Gates aims to connect gamers
By Matt Slagle
By Matt Slagle
LOS ANGELES — Microsoft Corp. co-founder Bill Gates yesterday announced a cross-platform gaming service that integrates games played on cell phones, Xbox 360 consoles and the upcoming Windows Vista operating system.
The "Live Anywhere" service will be available as part of Windows Vista, Microsoft's next-generation PC operating system.
The consumer version is scheduled for release early next year.
"It means that you have one online community," Gates said in a news conference at the opening of the Electronic Entertainment Expo. "This platform can really unleash developers to do amazing new things."
The system would extend the company's Xbox Live service for the Xbox 360 console into millions of Internet-enabled PCs and cell phones. No pricing information on the new service was announced.
In recent months, Microsoft has been pushing a number of online services that it hopes will boost revenue as markets for its traditional software become increasingly saturated.
The company expects to make money off such efforts through a mixture of subscription fees and advertising.
"The vision here is each platform plays its own role. We really think we're in a unique position," Gates said. "Microsoft is probably the only company that can pull this off."
In a demonstration, an Xbox 360 gamer using Live Anywhere was able to send an invitation to a friend on a PC. After the PC user agreed, the two connected for a cross-platform online gun battle.
In another example, a race car's stats were modified on a cell phone, its appearance was edited in a paint program on the PC and then it was raced on a track on the Xbox 360.
Microsoft said it has sold about 3.2 million Xbox 360s so far — about half of them are used online.
By the time rivals Nintendo Co. and Sony Corp. release their systems by the end of the year, Gates said, Microsoft should have a 10 million-unit head start and a selection of 160 Xbox 360 games.
Microsoft Vice President Peter Moore said the early launch of Xbox 360 gives the company a huge advantage going forward, saying the company was already on the "second generation of the next generation."
Live Anywhere highlighted a slew of announcements from the Redmond, Wash.-based company.
The company also said it would sell an HD-DVD player for high-definition movies in time for the holidays, but it did not release a price. Also announced was an Xbox Live Vision video camera, a wireless headset and a wireless racing wheel available this fall.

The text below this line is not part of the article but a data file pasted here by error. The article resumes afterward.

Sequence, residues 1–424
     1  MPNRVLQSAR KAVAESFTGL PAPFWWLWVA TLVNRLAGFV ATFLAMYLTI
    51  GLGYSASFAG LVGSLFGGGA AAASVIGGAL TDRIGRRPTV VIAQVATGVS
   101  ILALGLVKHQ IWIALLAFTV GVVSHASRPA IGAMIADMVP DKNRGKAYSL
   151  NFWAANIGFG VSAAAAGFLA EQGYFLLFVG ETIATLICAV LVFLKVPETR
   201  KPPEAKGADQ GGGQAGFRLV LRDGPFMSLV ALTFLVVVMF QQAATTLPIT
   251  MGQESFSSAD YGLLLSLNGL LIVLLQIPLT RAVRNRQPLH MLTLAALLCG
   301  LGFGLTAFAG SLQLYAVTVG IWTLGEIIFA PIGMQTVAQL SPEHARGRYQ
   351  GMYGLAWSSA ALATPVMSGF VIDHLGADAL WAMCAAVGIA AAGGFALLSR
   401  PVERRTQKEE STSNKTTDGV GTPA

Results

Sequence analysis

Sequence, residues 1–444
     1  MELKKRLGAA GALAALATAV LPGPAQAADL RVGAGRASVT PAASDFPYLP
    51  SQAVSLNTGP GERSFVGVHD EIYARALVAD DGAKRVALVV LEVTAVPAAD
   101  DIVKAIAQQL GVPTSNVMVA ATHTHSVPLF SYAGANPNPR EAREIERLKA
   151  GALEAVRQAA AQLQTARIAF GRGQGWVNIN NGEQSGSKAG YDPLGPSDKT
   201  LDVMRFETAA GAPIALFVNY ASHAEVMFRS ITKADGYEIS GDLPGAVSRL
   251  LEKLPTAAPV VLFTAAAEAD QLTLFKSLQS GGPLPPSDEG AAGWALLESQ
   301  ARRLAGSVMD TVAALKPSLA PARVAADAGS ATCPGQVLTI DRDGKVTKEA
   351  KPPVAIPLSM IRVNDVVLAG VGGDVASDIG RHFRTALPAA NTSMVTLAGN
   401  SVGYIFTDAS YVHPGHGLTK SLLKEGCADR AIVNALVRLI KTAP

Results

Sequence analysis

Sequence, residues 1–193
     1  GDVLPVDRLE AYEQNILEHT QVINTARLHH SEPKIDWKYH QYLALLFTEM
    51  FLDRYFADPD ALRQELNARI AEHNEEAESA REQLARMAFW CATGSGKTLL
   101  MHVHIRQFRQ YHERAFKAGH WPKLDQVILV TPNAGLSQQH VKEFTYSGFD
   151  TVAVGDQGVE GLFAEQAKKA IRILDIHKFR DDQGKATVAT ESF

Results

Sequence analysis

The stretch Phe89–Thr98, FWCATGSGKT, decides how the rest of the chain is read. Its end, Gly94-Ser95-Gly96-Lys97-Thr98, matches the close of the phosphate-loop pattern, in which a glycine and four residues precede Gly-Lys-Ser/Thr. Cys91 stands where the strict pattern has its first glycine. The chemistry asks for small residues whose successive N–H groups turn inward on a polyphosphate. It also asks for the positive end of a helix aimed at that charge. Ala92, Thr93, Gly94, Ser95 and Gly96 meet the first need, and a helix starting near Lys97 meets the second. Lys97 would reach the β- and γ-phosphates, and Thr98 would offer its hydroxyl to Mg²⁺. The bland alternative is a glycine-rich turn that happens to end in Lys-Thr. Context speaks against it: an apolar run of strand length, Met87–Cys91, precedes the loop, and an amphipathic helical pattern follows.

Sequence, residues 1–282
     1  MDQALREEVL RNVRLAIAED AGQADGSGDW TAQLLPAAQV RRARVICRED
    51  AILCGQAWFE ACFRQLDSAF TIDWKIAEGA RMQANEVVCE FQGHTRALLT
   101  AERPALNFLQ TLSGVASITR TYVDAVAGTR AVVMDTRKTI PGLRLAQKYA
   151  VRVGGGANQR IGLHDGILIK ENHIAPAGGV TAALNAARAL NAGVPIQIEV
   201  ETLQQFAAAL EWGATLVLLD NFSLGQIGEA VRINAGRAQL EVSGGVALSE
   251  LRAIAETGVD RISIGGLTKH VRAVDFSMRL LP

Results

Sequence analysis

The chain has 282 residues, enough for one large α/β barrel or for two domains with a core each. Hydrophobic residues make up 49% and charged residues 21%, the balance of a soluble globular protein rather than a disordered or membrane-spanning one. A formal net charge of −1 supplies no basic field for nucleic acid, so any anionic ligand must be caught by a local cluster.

Finally, Microsoft appeased anxious gamers who cheered following a demonstration of the sci-fi shooter "Halo 3," due sometime in 2007.
Earlier in the day, Nintendo Co. executives emphasized unusual games over glitzy graphics and said the video game industry must find new ways to broaden its appeal if the industry wants to keep growing.
The company did not release pricing details on its Wii console and instead showed off the system's unique controller, which can be swung around to control golf swings and sword strikes on the screen.
Company officials also confirmed the Wii would launch sometime in the fourth quarter of 2006.
On Monday, Sony Corp. said two versions of its PlayStation 3 will launch in North America on Nov. 17 as part of a worldwide simultaneous launch — a $499 version with a 20-gigabyte hard drive and another with a 60-gigabyte drive for $100 more.
Availability had been pushed back from a spring release.
The $499 base price is $100 more than rival Microsoft's top-of-the-line Xbox 360.
Sony also showed off the PS3's new controller, which can sense motion like the Wii system.
Sony, Microsoft and Nintendo are vying for control of the video game industry, which according to market research firm NPD Group, saw sales drop 5 percent to $7 billion in the United States last year.
Much of it is blamed on consumers' desire to hold out for the PS3 and Wii.